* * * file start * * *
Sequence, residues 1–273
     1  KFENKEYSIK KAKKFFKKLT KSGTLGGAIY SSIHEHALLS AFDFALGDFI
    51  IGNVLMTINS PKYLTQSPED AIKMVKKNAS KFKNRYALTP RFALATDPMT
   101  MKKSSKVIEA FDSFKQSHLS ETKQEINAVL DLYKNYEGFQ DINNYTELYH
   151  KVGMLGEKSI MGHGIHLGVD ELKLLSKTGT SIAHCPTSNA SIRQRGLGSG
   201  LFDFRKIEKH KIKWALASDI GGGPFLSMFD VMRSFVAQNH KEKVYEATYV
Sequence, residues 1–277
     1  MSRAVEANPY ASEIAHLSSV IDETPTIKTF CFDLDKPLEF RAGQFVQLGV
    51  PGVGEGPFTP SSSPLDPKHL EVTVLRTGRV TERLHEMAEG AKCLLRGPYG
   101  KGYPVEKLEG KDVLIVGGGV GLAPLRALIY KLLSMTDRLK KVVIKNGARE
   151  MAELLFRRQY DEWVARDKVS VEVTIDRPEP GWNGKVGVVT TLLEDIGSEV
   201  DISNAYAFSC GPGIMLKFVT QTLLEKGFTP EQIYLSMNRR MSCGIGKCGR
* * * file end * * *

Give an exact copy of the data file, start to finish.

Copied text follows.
Sequence, residues 1–273
     1  KFENKEYSIK KAKKFFKKLT KSGTLGGAIY SSIHEHALLS AFDFALGDFI
    51  IGNVLMTINS PKYLTQSPED AIKMVKKNAS KFKNRYALTP RFALATDPMT
   101  MKKSSKVIEA FDSFKQSHLS ETKQEINAVL DLYKNYEGFQ DINNYTELYH
   151  KVGMLGEKSI MGHGIHLGVD ELKLLSKTGT SIAHCPTSNA SIRQRGLGSG
   201  LFDFRKIEKH KIKWALASDI GGGPFLSMFD VMRSFVAQNH KEKVYEATYV
Sequence, residues 1–277
     1  MSRAVEANPY ASEIAHLSSV IDETPTIKTF CFDLDKPLEF RAGQFVQLGV
    51  PGVGEGPFTP SSSPLDPKHL EVTVLRTGRV TERLHEMAEG AKCLLRGPYG
   101  KGYPVEKLEG KDVLIVGGGV GLAPLRALIY KLLSMTDRLK KVVIKNGARE
   151  MAELLFRRQY DEWVARDKVS VEVTIDRPEP GWNGKVGVVT TLLEDIGSEV
   201  DISNAYAFSC GPGIMLKFVT QTLLEKGFTP EQIYLSMNRR MSCGIGKCGR